After Alfred Harcourt and Donald Brace died, Giroux decided to move. In the same Plimton interview, he revealed how as a young editor at Harcourt, Brace & Co., he won the opportunity to publish The Catcher in the Rye, the 1951 novel by J. D. Salinger, but lost it after the textbook department noted "Not for us", rejecting the manuscript.[13][14] He soon started looking around and in 1955 he joined Farrar, Straus & Company, run by his fellow Second World War veterans John C. Farrar and Roger Straus, as editor-in-chief. Almost twenty of his writers at Harcourt eventually followed him, including Eliot, Lowell, O'Connor, and Malamud.[10] In 1959, Malamud's The Magic Barrel became FSG's first National Book Award winner. Farrar, Straus & Company made him a partner in 1964, giving the company its new name, Farrar, Straus and Giroux (FSG). Robert Lowell's book of poems, For the Union Dead (1964) was the first book to bear his imprint.[15] He became company's chairman in 1973.

Among the writers Giroux discovered or developed at FSG were Jack Kerouac, John Berryman, Jean Stafford, Bernard Malamud, Thomas Merton, Flannery O'Connor, Isaac Bashevis Singer, Carl Sandburg, Elizabeth Bishop, Katherine Anne Porter, Walker Percy, Donald Barthelme, Grace Paley, Derek Walcott and William Golding.[5] By 2000, FSG books had won 29 literary awards, as well as a dozen Pulitzer Prizes and 20 Nobel Prizes.[7]

Giroux worked with Kerouac on his first novel, The Town and the City, and on the manuscript for his Beat classic On the Road. The former was dedicated to him. In a documentary interview, Giroux recalled how he tried to explain to Kerouac that the novel, typed out on a huge, single roll of paper, needed to be worked on, to which Kerouac replied: "There shall be no editing of this manuscript, this manuscript was dictated by the Holy Ghost."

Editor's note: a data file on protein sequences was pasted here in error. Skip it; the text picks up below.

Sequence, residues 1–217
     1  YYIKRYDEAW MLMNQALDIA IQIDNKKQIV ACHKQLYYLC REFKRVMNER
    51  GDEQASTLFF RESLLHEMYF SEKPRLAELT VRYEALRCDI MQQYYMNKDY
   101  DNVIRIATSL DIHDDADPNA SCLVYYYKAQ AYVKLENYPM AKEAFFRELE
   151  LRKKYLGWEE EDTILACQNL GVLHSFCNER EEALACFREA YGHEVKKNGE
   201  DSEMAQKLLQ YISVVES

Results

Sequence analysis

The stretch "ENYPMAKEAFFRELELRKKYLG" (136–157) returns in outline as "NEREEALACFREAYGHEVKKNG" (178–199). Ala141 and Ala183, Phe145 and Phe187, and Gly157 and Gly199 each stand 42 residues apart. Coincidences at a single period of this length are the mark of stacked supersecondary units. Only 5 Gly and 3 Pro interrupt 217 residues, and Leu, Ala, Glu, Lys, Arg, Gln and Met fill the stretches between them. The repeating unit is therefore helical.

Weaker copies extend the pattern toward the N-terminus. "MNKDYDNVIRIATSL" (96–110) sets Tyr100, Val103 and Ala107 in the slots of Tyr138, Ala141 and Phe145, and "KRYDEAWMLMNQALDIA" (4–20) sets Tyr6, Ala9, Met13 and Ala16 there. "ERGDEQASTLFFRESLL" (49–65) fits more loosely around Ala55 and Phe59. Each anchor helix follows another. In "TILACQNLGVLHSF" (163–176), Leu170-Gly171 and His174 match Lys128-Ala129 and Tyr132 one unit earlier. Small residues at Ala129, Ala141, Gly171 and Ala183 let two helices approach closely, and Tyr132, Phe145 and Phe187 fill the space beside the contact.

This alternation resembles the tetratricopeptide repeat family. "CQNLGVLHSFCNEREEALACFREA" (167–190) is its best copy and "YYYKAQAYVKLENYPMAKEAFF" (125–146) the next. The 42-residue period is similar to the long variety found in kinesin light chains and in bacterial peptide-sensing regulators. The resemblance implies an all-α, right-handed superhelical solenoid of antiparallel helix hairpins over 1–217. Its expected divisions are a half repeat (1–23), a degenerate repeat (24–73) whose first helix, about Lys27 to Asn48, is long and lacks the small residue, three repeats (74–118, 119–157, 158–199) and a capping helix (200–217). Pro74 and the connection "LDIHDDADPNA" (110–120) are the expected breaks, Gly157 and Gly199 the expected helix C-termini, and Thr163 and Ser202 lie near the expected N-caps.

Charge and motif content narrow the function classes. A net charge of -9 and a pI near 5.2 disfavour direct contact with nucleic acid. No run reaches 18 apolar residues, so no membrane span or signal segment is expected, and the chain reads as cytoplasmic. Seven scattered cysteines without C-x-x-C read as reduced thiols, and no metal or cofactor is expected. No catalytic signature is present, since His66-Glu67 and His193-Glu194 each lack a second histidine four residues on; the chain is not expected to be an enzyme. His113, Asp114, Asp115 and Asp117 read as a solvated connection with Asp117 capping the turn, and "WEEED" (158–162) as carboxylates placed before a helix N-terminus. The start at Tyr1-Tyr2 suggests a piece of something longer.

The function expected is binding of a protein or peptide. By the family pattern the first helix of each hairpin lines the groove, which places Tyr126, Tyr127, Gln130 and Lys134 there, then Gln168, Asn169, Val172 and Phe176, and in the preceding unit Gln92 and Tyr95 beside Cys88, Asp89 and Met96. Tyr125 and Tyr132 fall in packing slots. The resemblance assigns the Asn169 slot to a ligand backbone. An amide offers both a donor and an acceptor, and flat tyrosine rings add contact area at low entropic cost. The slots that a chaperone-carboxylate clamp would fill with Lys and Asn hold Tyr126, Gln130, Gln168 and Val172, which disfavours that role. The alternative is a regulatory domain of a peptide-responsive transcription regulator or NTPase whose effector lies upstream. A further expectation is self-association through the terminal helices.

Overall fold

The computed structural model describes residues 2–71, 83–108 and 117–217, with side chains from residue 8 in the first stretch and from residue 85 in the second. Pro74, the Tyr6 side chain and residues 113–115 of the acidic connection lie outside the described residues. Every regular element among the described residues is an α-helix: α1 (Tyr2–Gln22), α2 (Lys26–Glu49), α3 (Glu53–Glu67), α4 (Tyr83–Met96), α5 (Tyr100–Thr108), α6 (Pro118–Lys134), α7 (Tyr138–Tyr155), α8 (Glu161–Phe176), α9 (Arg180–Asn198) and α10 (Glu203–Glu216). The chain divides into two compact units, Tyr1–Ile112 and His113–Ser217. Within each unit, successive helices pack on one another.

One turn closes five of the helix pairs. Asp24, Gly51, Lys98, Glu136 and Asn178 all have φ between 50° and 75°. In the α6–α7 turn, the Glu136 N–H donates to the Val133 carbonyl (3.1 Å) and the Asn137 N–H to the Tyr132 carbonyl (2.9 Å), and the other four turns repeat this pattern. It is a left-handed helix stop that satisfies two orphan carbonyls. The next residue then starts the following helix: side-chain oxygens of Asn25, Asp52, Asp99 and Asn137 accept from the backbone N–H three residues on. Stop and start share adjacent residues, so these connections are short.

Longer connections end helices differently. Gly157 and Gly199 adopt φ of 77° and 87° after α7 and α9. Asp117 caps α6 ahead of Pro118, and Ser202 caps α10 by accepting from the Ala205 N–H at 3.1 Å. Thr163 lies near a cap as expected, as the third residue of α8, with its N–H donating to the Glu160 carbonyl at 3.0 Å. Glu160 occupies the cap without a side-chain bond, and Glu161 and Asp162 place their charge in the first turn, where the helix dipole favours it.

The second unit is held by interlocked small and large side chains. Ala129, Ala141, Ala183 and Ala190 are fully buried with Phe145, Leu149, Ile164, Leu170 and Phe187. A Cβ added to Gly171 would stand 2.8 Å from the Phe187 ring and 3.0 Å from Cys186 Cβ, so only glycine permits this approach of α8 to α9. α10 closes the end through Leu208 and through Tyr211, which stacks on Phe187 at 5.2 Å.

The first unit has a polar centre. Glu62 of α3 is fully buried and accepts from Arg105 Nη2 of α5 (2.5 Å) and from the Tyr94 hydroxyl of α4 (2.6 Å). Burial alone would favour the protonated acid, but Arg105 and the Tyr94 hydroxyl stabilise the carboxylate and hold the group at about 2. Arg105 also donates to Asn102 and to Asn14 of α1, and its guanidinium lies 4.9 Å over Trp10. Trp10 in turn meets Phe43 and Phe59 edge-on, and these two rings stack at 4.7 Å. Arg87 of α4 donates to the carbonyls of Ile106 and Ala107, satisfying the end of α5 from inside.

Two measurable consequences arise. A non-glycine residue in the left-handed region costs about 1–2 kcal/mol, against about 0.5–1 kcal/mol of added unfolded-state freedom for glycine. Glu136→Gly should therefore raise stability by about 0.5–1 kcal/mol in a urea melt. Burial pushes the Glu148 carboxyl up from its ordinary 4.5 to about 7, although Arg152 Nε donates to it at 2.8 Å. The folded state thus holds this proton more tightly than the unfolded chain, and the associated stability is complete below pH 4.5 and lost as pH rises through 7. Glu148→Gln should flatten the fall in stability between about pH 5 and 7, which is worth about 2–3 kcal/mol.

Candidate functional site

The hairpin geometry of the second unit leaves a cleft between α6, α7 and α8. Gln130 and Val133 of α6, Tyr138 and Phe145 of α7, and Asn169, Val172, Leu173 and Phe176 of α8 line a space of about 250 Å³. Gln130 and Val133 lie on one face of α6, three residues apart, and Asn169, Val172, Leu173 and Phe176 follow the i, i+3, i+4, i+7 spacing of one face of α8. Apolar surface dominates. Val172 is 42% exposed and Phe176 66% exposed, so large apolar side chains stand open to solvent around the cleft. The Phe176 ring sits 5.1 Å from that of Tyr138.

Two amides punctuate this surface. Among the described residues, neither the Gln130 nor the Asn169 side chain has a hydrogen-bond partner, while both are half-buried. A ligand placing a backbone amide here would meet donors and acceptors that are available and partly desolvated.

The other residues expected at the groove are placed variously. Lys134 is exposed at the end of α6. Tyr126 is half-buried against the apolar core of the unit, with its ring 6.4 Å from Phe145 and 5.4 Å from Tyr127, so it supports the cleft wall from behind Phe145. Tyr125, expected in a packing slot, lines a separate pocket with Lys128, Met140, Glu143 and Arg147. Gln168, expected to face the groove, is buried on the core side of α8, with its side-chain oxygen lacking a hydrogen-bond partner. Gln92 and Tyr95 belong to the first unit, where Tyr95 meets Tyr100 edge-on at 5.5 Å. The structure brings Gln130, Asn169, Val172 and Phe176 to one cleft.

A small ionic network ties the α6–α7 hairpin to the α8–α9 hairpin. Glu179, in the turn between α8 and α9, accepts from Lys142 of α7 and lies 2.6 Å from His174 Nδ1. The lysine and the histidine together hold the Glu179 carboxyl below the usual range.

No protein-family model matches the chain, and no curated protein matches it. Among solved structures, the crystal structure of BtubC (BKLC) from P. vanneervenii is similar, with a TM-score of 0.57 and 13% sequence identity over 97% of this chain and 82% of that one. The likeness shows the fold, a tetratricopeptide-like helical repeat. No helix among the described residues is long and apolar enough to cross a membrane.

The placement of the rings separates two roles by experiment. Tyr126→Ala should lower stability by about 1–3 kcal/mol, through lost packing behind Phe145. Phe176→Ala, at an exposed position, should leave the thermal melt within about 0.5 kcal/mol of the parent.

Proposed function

Among the notable works he published as an editor were a collection of Berryman's critical prose as The Freedom of the Poet (1976), Collected Prose of Robert Lowell (1987), and Collected Prose of Elizabeth Bishop (1984), whose letters he later edited, as One Art (1994). He also authored The Education of an Editor, The Book Known as Q: A Consideration of Shakespeare's Sonnets (1982), and A Deed of Death (1990), an investigation of the 1922 murder of the Hollywood director William Desmond Taylor.[8]

His relationship with Straus was often strained. Giroux, more the literary man, was often at odds with Straus, who was primarily a businessman. Farrar, Straus & Giroux never published his 25th-anniversary anthology, which he also edited, as Straus took offense to his portrayal in Giroux's introduction. Giroux did not complete his memoirs because he said he did not want to write negatively about Straus. For his part, Straus counted Giroux's joining his company as the significant event in its history.

Once Giroux suggested to Eliot that editors were mostly failed writers, to which Eliot replied: "so are most writers".[8]

From 1975 to 1982, he was president of the National Board of Review of Motion Pictures, an organization that fights movie censorship.

Awards and honors[edit]

Giroux received an honorary doctorate from Seton Hall University in 1999,[16] the Mayoral Award of Honor for Art and Culture from the City of New York in 1989,[17] and the Elmer Holmes Bobst Award in Arts and Letters from New York University in 1988.[18]